“Under a microscope, it’s hard to miss. Take just about any cell, find the nucleus, then look inside it for a dark, little blob. That’s the nucleolus. If the cell were an eyeball, you’d be looking at its pupil.
You’ve got one in every nucleus of every cell in your body, too. All animals do. So do plants, and yeast — and anything with a cell with a nucleus. And they’ve become much more important in our understanding of how cells work. […]
You may have forgotten this from biology class, but the nucleolus is the cell’s ribosome factory. Ribosomes are like micro-machines that make proteins that cells then use for purposes like building walls, forming hairs, making memories, communicating and starting, stopping and slowing down reactions that help a cell stay functioning. It uses about 80 percent of a cell’s energy for this work. […]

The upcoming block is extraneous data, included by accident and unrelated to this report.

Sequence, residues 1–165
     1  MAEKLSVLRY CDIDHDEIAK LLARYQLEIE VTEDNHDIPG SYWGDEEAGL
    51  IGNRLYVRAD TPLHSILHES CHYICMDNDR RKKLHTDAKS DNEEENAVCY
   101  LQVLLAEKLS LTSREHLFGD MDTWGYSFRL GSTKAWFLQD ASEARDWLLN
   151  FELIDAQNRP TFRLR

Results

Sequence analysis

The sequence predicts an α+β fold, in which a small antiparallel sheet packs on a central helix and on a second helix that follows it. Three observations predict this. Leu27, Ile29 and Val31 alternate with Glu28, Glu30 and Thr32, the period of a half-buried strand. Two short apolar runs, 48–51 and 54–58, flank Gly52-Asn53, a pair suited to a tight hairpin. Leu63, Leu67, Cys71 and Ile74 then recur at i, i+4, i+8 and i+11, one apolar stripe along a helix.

If building a cell were like building a building, and the DNA contained the blueprint, the nucleolus would be the construction manager or engineer. “It knows the supply chain, coordinates all the jobs of building, does quality control checks and makes sure things continue to work well,” said Dr. Antebi. […]
Researchers have found that modest dietary restriction and exercise shrank nucleoli in muscle cells of some people over age 60. People with diseases like cancer or progeria, a kind of accelerated aging, tend have enlarged nucleoli.
You can see these kinds of effects in many different species. “It’s amazing — even if genetically identical, some live a short life and some live a long life,” said Dr. Antebi. […]
“We think that the smaller nucleoli may be a cellular hallmark of longevity” in certain cells under certain conditions, he added.”